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Chapter 9. Enhancing security with the kernel integrity subsystem

You can improve the protection of your system by using components of the kernel integrity subsystem. Learn more about the relevant components and their configuration.

9.1. The kernel integrity subsystem

The integrity subsystem is the part of the kernel that maintains overall integrity of system data. This subsystem helps to keep the state of a system the same from the time it was built. By using this subsystem, you can prevent undesired modification of specific system files.

The kernel integrity subsystem consists of two major components:

Integrity Measurement Architecture (IMA)
  • IMA measures file content whenever it is executed or opened by cryptographically hashing or signing with cryptographic keys. The keys are stored in the kernel keyring subsystem.
  • IMA places the measured values within the kernel’s memory space. This prevents users of the system from modifying the measured values.
  • IMA allows local and remote parties to verify the measured values.
  • IMA provides local validation of the current content of files against the values previously stored in the measurement list within the kernel memory. This extension forbids performing any operation on a specific file in case the current and the previous measures do not match.
Extended Verification Module (EVM)
  • EVM protects extended attributes of files (also known as xattr) that are related to system security, such as IMA measurements and SELinux attributes. EVM cryptographically hashes their corresponding values or signs them with cryptographic keys. The keys are stored in the kernel keyring subsystem.

The kernel integrity subsystem can use the Trusted Platform Module (TPM) to further harden system security.

A TPM is a hardware, firmware, or virtual component with integrated cryptographic keys, which is built according to the TPM specification by the Trusted Computing Group (TCG) for important cryptographic functions. TPMs are usually built as dedicated hardware attached to the platform’s motherboard. By providing cryptographic functions from a protected and tamper-proof area of the hardware chip, TPMs are protected from software-based attacks. TPMs provide the following features:

  • Random-number generator
  • Generator and secure storage for cryptographic keys
  • Hashing generator
  • Remote attestation

9.2. Trusted and encrypted keys

Trusted keys and encrypted keys are an important part of enhancing system security.

Trusted and encrypted keys are variable-length symmetric keys generated by the kernel that use the kernel keyring service. The integrity of the keys can be verified, which means that they can be used, for example, by the extended verification module (EVM) to verify and confirm the integrity of a running system. User-level programs can only access the keys in the form of encrypted blobs.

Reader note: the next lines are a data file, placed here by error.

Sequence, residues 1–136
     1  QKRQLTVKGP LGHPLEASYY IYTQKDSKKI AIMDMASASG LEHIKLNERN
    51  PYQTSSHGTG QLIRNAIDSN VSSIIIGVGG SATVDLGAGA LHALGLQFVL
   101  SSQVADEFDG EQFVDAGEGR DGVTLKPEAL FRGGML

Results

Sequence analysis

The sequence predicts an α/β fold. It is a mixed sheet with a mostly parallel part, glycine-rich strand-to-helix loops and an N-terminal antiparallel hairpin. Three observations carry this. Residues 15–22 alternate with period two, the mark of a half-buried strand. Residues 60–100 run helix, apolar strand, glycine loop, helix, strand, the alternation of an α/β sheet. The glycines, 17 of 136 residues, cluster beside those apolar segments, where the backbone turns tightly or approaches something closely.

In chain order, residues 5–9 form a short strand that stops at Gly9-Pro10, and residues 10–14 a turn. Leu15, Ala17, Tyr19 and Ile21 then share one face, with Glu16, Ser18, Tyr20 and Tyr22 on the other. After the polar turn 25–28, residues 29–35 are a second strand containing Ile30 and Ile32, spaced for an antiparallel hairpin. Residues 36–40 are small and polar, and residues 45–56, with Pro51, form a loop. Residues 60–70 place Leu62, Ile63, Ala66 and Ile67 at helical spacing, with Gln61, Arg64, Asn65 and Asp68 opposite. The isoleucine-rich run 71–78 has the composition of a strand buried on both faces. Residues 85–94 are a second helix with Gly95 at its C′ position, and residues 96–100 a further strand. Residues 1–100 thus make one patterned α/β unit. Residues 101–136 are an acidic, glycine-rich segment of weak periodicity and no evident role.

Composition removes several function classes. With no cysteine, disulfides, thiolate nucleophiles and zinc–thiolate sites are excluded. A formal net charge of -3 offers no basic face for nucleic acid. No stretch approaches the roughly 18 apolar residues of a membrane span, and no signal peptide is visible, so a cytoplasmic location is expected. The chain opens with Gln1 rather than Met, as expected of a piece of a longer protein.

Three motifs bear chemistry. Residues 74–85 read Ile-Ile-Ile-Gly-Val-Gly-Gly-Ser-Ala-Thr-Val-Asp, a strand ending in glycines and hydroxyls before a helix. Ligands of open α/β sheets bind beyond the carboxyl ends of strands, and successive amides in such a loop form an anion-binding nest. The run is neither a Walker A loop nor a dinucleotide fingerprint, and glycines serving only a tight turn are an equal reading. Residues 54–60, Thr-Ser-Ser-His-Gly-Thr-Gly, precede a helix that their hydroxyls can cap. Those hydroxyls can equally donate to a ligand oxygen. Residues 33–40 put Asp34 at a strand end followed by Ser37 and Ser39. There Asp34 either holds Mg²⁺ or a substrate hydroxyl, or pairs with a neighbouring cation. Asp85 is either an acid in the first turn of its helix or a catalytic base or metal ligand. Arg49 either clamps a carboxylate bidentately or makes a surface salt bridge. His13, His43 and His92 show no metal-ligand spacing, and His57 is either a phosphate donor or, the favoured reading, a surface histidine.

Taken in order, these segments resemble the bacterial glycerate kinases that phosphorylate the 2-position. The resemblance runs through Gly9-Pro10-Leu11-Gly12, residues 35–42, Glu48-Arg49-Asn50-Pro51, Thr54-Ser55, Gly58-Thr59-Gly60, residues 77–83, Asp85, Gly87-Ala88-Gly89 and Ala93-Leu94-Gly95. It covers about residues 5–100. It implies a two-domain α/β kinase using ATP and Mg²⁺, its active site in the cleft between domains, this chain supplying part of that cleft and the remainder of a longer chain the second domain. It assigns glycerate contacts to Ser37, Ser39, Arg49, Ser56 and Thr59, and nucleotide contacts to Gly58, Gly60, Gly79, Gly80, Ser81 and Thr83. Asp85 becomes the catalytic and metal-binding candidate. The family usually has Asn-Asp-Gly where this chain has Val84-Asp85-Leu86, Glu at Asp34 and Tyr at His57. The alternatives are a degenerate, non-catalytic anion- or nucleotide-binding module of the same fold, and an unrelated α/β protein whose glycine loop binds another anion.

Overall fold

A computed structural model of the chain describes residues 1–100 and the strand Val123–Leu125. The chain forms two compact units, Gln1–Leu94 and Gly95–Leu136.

Trusted keys

Trusted keys need the Trusted Platform Module (TPM) chip, which is used to both create and encrypt (seal) the keys. Each TPM has a master wrapping key, called the storage root key, which is stored within the TPM itself.


Red Hat Enterprise Linux 8 supports both TPM 1.2 and TPM 2.0. For more information, see the Is Trusted Platform Module (TPM) supported by Red Hat? solution.

You can verify that a TPM 2.0 chip has been enabled by entering the following command:

$ cat /sys/class/tpm/tpm0/tpm_version_major

You can also enable a TPM 2.0 chip and manage the TPM 2.0 device through settings in the machine firmware.

In addition to that, you can seal the trusted keys with a specific set of the TPM’s platform configuration register (PCR) values. PCR contains a set of integrity-management values that reflect the firmware, boot loader, and operating system. This means that PCR-sealed keys can only be decrypted by the TPM on the same system on which they were encrypted. However, when a PCR-sealed trusted key is loaded (added to a keyring), and thus its associated PCR values are verified, it can be updated with new (or future) PCR values, so that a new kernel, for example, can be booted. You can save a single key also as multiple blobs, each with a different PCR value.

Encrypted keys
Encrypted keys do not require a TPM, because they use the kernel Advanced Encryption Standard (AES), which makes them faster than trusted keys. Encrypted keys are created using kernel-generated random numbers and encrypted by a master key when they are exported into user-space blobs.

The master key is either a trusted key or a user key. If the master key is not trusted, the encrypted key is only as secure as the user key used to encrypt it.

9.3. Working with trusted keys

You can improve system security by using the keyctl utility to create, export, load and update trusted keys.



Red Hat Enterprise Linux 8 supports both TPM 1.2 and TPM 2.0. If you use TPM 1.2, skip step 1.